Your Turn: Are you in control of your life or is God in control? Are you yielded to Him and ready to do His will?
Reading: Psalm 99
The LORD reigns,
let the nations tremble;
he sits enthroned between the cherubim,
let the earth shake.
Great is the LORD in Zion;
he is exalted over all the nations.
Let them praise your great and awesome name—
he is holy.
The King is mighty, he loves justice—
you have established equity;
in Jacob you have done
what is just and right.
Exalt the LORD our God
and worship at his footstool;
he is holy (NIV).
What does it mean to be holy? There are several shades of meaning for the word holy. It can mean being consecrated or dedicated for a special purpose. It also means righteous. But the definition that fits best in the light of Psalm 99 reads like this: awe-inspiring—having a character that evokes reverence (Encarta Dictionary).
The psalmist is effusive with his praise for the LORD, but three times in this short psalm, he centers back to this phrase: he is holy. Yes, the LORD reigns, He is righteous and exalted, but what has really caught the psalmist’s attention is the LORD’s holiness. That’s what sets Him apart and elevates Him above the stratosphere.
Has the LORD’s holiness caught your attention? Have you been filled with awe by the holiness of God? I fear that far too often we have diminished God. We have tried to make Him like us—powerful but a bit quirky—maybe short-tempered or set in His ways. What nonsense! Our God is holy. We need to wake up to that fact. It must be central to our understanding of God.
In the Beatitudes from his Sermon on the Mount Jesus said, “Blessed are the pure in heart, for they will see God” (Matthew 5:8). To clarify, I might add that the pure in heart will see the true God, not a distorted caricature. Our sinful nature has a way of distorting our view of the LORD. That’s why personal purity and holiness are so essential. The apostle Peter provides this admonition: As obedient children, do not conform to the evil desires you had when you lived in ignorance. But just as he who called you is holy, so be holy in all you do; for it is written: “Be holy, because I am holy” (1 Peter 1:14-16).
Response: LORD God, I want to see you at work in my life. Help me with the help of your Holy Spirit to clean up those areas that distort my view of you. You are holy. I worship you in the beauty of your holiness. Amen.
Your Turn: Are there times when you have seen God as short-tempered or set in His ways? Have you avoided God’s call to holiness?
Reading: Psalm 97
The LORD reigns, let the earth be glad;
let the distant shores rejoice.
Clouds and thick darkness surround him;
righteousness and justice are the foundation of his throne.
Fire goes before him
and consumes his foes on every side.
His lightning lights up the world;
the earth sees and trembles.
The mountains melt like wax before the LORD,
before the Lord of all the earth.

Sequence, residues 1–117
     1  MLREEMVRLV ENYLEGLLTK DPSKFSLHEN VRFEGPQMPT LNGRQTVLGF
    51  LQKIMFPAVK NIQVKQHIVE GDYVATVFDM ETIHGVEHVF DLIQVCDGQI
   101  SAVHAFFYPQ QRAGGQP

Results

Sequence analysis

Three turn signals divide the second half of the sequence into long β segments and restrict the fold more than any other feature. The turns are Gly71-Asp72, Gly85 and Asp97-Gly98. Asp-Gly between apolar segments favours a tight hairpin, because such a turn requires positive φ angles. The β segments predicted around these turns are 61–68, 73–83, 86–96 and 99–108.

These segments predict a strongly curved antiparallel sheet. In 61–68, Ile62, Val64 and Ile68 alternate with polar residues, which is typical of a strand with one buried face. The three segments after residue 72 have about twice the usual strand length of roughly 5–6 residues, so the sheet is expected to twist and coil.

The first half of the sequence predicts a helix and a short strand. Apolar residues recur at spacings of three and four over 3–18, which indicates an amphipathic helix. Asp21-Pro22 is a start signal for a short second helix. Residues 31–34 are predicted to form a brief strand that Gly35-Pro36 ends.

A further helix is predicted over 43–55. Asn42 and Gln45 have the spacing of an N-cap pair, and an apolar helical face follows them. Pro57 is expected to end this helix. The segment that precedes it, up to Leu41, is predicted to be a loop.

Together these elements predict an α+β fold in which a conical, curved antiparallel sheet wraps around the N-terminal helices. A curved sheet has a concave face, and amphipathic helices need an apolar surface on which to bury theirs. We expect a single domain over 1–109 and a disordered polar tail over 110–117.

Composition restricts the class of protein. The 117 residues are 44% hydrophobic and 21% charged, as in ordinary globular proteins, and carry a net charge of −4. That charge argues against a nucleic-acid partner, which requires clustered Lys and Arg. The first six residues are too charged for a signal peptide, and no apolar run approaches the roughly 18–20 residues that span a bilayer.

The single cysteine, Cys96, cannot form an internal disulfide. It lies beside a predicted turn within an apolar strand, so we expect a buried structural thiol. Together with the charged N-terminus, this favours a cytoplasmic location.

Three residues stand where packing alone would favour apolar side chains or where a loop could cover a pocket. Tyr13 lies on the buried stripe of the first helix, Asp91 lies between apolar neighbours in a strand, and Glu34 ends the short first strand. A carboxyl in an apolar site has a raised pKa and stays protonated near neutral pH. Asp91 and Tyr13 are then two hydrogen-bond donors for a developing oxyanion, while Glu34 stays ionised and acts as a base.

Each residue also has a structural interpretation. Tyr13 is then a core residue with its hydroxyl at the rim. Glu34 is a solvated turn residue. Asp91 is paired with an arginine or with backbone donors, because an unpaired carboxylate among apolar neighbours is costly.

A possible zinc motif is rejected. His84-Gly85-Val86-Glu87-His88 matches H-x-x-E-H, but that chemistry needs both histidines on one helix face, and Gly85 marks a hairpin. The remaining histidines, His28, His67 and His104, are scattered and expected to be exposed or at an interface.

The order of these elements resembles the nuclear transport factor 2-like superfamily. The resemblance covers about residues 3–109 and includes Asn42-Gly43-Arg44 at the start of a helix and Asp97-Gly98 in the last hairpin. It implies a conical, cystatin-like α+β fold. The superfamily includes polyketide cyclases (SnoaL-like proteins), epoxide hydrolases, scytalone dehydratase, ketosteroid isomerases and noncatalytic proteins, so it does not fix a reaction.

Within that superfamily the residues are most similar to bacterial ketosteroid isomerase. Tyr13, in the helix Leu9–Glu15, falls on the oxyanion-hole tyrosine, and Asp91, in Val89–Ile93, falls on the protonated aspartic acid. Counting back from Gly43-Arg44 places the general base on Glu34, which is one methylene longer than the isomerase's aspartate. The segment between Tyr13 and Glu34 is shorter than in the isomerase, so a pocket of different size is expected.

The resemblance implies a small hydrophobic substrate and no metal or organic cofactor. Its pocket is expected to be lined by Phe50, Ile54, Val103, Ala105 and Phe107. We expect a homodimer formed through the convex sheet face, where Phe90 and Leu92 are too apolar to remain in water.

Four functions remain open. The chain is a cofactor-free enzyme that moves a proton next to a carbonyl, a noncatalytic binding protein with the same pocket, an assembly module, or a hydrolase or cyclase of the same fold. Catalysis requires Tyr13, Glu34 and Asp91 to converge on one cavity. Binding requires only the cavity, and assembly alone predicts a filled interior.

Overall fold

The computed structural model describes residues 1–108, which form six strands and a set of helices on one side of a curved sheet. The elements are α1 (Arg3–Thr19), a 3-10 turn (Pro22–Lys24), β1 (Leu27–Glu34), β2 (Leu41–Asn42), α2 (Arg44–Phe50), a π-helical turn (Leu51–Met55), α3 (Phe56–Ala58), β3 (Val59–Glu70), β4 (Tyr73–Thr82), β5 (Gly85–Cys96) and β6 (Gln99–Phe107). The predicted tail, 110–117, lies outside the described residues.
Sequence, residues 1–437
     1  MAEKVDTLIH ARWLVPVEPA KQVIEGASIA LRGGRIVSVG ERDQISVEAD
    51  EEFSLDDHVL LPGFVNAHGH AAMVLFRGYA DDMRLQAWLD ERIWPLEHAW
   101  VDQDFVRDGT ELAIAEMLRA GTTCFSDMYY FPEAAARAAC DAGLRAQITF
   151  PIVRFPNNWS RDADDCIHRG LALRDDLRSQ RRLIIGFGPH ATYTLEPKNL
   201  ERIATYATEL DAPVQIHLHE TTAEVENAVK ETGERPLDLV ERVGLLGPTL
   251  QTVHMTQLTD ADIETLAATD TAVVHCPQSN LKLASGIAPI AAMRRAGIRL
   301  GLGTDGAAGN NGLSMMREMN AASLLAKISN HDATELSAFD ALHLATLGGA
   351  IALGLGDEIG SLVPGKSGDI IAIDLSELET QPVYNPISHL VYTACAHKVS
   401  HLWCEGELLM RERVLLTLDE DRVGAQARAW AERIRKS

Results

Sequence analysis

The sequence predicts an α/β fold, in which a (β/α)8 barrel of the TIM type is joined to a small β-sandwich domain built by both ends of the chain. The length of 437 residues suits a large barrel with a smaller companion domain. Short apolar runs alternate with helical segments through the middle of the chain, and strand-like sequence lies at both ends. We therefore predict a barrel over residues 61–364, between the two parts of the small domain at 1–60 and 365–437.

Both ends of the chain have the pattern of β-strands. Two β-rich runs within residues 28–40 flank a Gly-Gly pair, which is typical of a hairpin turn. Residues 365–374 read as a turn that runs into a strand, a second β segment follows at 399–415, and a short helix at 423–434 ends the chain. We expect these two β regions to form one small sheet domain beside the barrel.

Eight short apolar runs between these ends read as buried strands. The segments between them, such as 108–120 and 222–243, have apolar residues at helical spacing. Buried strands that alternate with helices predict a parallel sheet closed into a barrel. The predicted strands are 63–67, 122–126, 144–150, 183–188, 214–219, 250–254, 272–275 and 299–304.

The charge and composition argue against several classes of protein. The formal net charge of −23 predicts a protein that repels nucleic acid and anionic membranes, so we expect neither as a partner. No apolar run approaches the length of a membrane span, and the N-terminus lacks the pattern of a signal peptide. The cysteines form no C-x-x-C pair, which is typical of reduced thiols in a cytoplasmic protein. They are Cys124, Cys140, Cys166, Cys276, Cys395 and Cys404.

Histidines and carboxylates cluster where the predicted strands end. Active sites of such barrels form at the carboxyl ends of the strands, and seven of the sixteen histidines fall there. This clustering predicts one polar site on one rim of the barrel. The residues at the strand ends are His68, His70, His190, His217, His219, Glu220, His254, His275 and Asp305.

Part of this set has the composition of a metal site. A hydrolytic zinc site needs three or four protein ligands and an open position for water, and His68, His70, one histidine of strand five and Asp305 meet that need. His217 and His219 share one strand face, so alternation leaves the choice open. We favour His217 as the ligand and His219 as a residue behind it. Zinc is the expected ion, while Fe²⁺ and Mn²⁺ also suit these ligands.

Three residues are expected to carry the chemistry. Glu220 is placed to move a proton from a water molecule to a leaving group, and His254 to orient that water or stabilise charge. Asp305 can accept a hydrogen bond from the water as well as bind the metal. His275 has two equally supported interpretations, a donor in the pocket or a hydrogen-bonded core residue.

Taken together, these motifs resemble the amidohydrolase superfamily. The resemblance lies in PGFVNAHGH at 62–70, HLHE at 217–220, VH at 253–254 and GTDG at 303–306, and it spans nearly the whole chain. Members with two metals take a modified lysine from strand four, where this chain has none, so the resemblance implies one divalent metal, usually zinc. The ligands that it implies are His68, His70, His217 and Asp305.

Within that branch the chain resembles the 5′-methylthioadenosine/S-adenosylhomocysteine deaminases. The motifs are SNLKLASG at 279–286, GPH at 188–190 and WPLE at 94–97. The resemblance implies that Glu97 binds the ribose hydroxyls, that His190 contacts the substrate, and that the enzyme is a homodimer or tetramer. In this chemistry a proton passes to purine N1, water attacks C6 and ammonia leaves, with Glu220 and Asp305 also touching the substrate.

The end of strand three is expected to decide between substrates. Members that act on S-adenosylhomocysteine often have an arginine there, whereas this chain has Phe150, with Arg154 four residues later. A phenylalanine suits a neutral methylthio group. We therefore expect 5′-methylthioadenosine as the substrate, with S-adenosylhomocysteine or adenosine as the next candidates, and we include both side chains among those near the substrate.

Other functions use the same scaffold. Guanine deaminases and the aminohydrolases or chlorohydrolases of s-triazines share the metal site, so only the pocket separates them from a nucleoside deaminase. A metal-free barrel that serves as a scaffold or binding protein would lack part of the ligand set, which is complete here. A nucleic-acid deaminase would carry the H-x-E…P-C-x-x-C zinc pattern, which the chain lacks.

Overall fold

The heavens proclaim his righteousness,
and all peoples see his glory.
All who worship images are put to shame,
those who boast in idols—
worship him, all you gods! (NIV).
Who is in charge here? In any situation, that’s a legitimate question. There are always a variety of authorities in any given situation. A while back I watched Prince William and his family get off a plane in Victoria, BC. On the tarmac the royal family was first greeted by the Governor General, then by the Prime Minister of Canada, then the Lieutenant Governor of the British Columbia and finally, the Premier of the province. They were all lined up according to proper protocol. Yes, there are a variety of authorities all deserving respect. But this question remains. Who is in charge here?
The authorities of this world have jurisdiction over a certain geographic area or realm. Some authorities govern well and in others rule as despots who plunder the wealth of the nation. But Psalm 97 reminds us that there is one great authority who rules over all. The LORD reigns, let the earth be glad; let the distant shores rejoice.
The earth can be glad and the distant shores can rejoice because this King, this heaven-dwelling authority rules well. He does not plunder His faithful people and bring them to ruin. He reigns supreme from on high. Clouds and thick darkness surround him; righteousness and justice are the foundation of his throne.
We can rest assured that the LORD will do what is right. He is allied with goodness, mercy and truth. That’s why justice is the foundation of His throne. We should not fear His judgments because they are right and good. Yes, the authors of evil should be afraid, but if we have done right, we can count on the LORD as our defender. Now here is a proclamation that we all should heed. The heavens proclaim his righteousness and all peoples see his glory.
Response: LORD God, it is my prayer that all people will see your glory and bow before you, the magnificent King of Righteousness. Extend your reign I pray. Let the distant shores rejoice because you reign. Amen.
Your Turn: Is the Lord Jesus reigning over you and your home? Who has jurisdiction there?